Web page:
Although biomechanical studies may support the use of a helical blade over that of the conventional lag screw, limited clinical data exist comparing these 2 implant designs. A prospective randomized study by Yaozeng et al24 compared the use of a CMN with a helical blade versus that with a conventional lag screw in 107 patients aged 60 years or older who sustained a intertrochanteric fracture. At the final follow-up (mean follow-up of 17.5 months), all fractures were radiographically healed. Comparison of the 2 patient treatment groups demonstrated equivocal outcomes with respect to functional outcomes, hospital stay, intraoperative, or postoperative complications.24 These findings were supported in a prospective randomized study by Stern et al25; 335 patients who sustained an intertrochanteric fracture were stabilized using either a helical blade or a lag screw implant. Of the 335 patients enrolled, 269 patients were available for the final follow-up (137 lag screw, 132 helical blade). Comparison of the 2 treatment groups demonstrated no significant differences in the rates of cephalic implant cutout (blade = 1.5% vs. lag screw = 2.9%; RR = 1.9; 95% confidence interval, 0.4–10.3) or the need for revision surgery (blade = 4.5% vs. lag screw = 5.1%). The authors noted that in all patients in whom cutout occurred, the TAD was greater than 25 mm (mean, 29.4 ± 2.0 mm). Based on the results of this study, the authors concluded that both a helical blade and single lag screw perform equally well for the stabilization of low-energy intertrochanteric hip fractures in elderly patients. The authors stated that the most important factor in reducing the rate of implant cutout was not the implant type but rather achieving a TAD of <25 mm.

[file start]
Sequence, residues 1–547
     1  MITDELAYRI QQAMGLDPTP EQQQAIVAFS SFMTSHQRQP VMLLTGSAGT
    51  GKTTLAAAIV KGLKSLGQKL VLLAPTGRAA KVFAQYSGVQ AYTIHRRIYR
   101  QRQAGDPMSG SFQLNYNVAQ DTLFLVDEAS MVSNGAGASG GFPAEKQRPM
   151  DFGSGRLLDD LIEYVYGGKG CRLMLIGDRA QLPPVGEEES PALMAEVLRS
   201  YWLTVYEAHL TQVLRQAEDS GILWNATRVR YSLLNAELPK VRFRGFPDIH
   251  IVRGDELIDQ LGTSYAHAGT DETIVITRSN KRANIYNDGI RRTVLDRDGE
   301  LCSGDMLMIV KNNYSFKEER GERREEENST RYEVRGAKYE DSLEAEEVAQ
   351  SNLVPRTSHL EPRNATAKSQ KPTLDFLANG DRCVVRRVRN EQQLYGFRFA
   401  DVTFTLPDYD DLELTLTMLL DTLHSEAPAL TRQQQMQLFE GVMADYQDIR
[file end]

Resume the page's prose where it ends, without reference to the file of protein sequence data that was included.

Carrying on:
In conclusion, with the lack of definitive evidence identifying the superiority of a helical blade or lag screw implant, surgeon experience and familiarity should dictate implant selection.


Advantages of a single lag screw design include easier and faster insertion technique and known parameters for ideal lag screw location (TAD). Common complications associated with implants using a single lag screw (and therefore a single point of cephalic fixation) include rotational malalignment during insertion and rotational instability; postoperative rotational instability can lead to flexion and extension of the proximal fragment, loosening of the cephalic implant, uncontrolled fracture collapse, and implant failure.26 To improve rotational stability, implants have been designed, which feature 2 separate cephalic lag screws that are not locked to the nail or to each other and therefore slide independently (Figure 3). The primary advantage of the double lag screw design is improved rotational control of the proximal fragment. However, a Z-effect deformity has been described using a double lag screw design in which neither lag screw is locked to the nail or telescopes within a barrel (Figure 4). The Z-effect occurs as the proximal cephalic lag screw bears a higher proportion of the load with weight bearing than the more distal lag screw. With cyclic loading and varus force, the proximal lag screw jams in the nail and the lower screw begins to toggle and back out of the nail laterally. As these progresses, the proximal fragment further collapses and the superior screw migrates proximally through the femoral head.27 Although the collapse seems to be one of varus on the anteroposterior radiograph, if both this and the lateral are carefully evaluated, it becomes clear that the unstable head–neck fragment has rotated off the shaft, giving the appearance of varus on the anteroposterior radiograph.